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Videographer Vs. Video Producer

Professionals in these careers share some common goals when it comes to making films. Compare their responsibilities, degree requirements, salaries, and expected job growth.

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Comparing Videographers to Video Producers

Videographers and video producers both work in the filming industry, but in very different capacities. Videographers provide the in-person filming for various types of projects, while video producers function more in the planning and financing aspects of the filmed productions. Readers will discover more similarities and differences between these careers.

Job Title Educational Requirements Median Salary (2016)* Job Growth (2016-2026)*
Videographers Bachelor's Degree $59,040 (Film and Video Editors and Camera Operators) 12% (Film and Video Editors and Camera Operators)
Video Producers Bachelor's Degree $70,950 (Producers and Directors) 12% (Producers and Directors)

Source: *U.S. Bureau of Labor Statistics

Responsibilities of Videographers vs. Video Producers

Working in the educational and entertainment world brings individuals in these careers together, as they both work on similar filming projects. Similarly, they may both work with directors and other members of a production team. Videographers are very hands-on during the creation of a video. The video producers, however, work to finance and organize the project.

Videographers

Videographers capture raw footage for widely viewed programs, such as television shows and music videos. They may also videotape ceremonies, such as weddings, or events, such as sporting games. They meet with clients or creative directors to get a sense of the technical requirements for the project, which helps them determine what lenses and lighting equipment may be necessary. It is also important that videographers properly store and care for all their video and audio equipment. While filming, it is up to them to frame the shot, capturing the subject in an aesthetically pleasing way. They may have to adjust the camera's position or settings, such as focus and exposure, to do this.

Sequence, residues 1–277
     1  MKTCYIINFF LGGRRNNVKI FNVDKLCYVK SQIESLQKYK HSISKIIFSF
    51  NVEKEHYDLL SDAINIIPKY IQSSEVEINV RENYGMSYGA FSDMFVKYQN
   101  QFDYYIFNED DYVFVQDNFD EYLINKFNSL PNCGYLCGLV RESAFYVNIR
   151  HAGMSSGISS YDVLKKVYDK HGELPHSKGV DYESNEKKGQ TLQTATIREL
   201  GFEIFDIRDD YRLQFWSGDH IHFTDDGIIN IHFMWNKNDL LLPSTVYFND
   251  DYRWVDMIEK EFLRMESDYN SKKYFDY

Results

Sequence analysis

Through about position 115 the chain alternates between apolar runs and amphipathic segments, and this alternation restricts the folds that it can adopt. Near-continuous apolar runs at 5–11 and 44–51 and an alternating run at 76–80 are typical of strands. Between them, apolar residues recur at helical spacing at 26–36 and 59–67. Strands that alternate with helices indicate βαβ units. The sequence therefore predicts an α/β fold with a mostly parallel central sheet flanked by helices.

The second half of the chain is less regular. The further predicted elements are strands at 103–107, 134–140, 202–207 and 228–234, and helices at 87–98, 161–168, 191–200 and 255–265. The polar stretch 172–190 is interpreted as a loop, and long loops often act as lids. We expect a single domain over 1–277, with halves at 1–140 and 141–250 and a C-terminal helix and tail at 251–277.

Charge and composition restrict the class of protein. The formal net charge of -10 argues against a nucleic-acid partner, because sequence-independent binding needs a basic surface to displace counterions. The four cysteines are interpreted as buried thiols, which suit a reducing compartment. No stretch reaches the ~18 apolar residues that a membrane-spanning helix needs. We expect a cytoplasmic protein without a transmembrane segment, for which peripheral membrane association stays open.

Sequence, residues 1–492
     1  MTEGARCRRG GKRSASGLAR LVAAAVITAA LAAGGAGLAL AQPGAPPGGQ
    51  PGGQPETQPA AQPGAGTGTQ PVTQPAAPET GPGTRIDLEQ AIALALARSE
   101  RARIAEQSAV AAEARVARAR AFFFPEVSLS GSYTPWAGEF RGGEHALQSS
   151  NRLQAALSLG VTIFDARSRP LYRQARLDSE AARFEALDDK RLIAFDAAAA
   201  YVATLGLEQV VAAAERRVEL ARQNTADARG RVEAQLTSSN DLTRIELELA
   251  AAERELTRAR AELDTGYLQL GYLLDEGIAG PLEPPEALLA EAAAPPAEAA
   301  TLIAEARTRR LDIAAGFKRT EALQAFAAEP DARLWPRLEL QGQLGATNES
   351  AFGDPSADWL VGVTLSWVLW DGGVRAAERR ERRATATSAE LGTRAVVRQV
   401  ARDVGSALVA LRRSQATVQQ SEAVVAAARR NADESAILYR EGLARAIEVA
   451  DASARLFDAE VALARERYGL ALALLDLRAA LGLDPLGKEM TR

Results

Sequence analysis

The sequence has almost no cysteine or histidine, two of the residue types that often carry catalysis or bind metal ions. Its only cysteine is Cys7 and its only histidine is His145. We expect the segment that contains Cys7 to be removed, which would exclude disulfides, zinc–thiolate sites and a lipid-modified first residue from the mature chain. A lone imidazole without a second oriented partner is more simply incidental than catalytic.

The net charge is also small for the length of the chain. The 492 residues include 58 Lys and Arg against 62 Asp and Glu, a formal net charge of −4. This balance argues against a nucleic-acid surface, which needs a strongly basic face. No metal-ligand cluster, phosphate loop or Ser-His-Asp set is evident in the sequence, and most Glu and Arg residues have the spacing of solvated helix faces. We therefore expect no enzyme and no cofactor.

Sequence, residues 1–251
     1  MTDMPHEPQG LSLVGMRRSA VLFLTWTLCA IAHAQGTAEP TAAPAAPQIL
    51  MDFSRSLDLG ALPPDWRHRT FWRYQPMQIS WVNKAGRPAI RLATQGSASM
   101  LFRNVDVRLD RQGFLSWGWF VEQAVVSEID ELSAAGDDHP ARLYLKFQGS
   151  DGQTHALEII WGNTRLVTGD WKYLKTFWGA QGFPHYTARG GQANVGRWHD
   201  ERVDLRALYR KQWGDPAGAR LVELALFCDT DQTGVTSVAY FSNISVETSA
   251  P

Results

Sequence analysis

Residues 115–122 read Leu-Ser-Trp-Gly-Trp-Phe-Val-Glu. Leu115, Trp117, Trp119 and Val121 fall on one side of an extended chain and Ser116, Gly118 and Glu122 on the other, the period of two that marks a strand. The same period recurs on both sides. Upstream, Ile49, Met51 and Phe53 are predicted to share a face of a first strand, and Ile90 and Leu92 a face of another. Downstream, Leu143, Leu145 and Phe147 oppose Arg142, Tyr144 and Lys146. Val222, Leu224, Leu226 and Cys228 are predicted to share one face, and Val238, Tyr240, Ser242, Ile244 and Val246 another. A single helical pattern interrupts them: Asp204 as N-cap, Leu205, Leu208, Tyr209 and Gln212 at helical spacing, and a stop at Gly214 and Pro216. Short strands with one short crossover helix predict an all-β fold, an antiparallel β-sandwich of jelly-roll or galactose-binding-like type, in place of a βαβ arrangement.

Job responsibilities of a videographer include:

  • Editing raw footage using Adobe Creative Suite or other software
  • Sharing the finished product on YouTube or a portfolio website to gain more clients or advertise for their company
  • Adding sound effects and visual elements to finish the video
  • Gaining copyrights to protect their unique work

Video Producers

Working on news programs and commercials, video producers approve of all the spending after they have set the budget. They also create schedules for any actors and crew members, ensuring the project meets the deadline. On most projects, their first task is to select or supervise the completion of a script. Next, producers appeal to production companies and other stakeholders to provide financial support for the project. During the filming of a news broadcast or live program, they dictate camera switches to maintain the momentum of the show. For television shows, they may help find the shooting location that fits the setting of the project, as well as the scenes in the script.

Job responsibilities of a video producer include:

  • Selecting and hiring the director and crew members
  • Negotiating the contracts of any cast members
  • Reviewing footage to ensure it fits the determined scope of the project, as well as checking for quality
  • Taking part in conventions and festivals to promote television projects

Related Careers

As someone curious about a career as a videographer, you could research a position as a cinematographer, as both work to create engaging film. If, however, you are someone interested in becoming a video producer, a career as a film director could be for you, as both have power over the creative vision for a movie.

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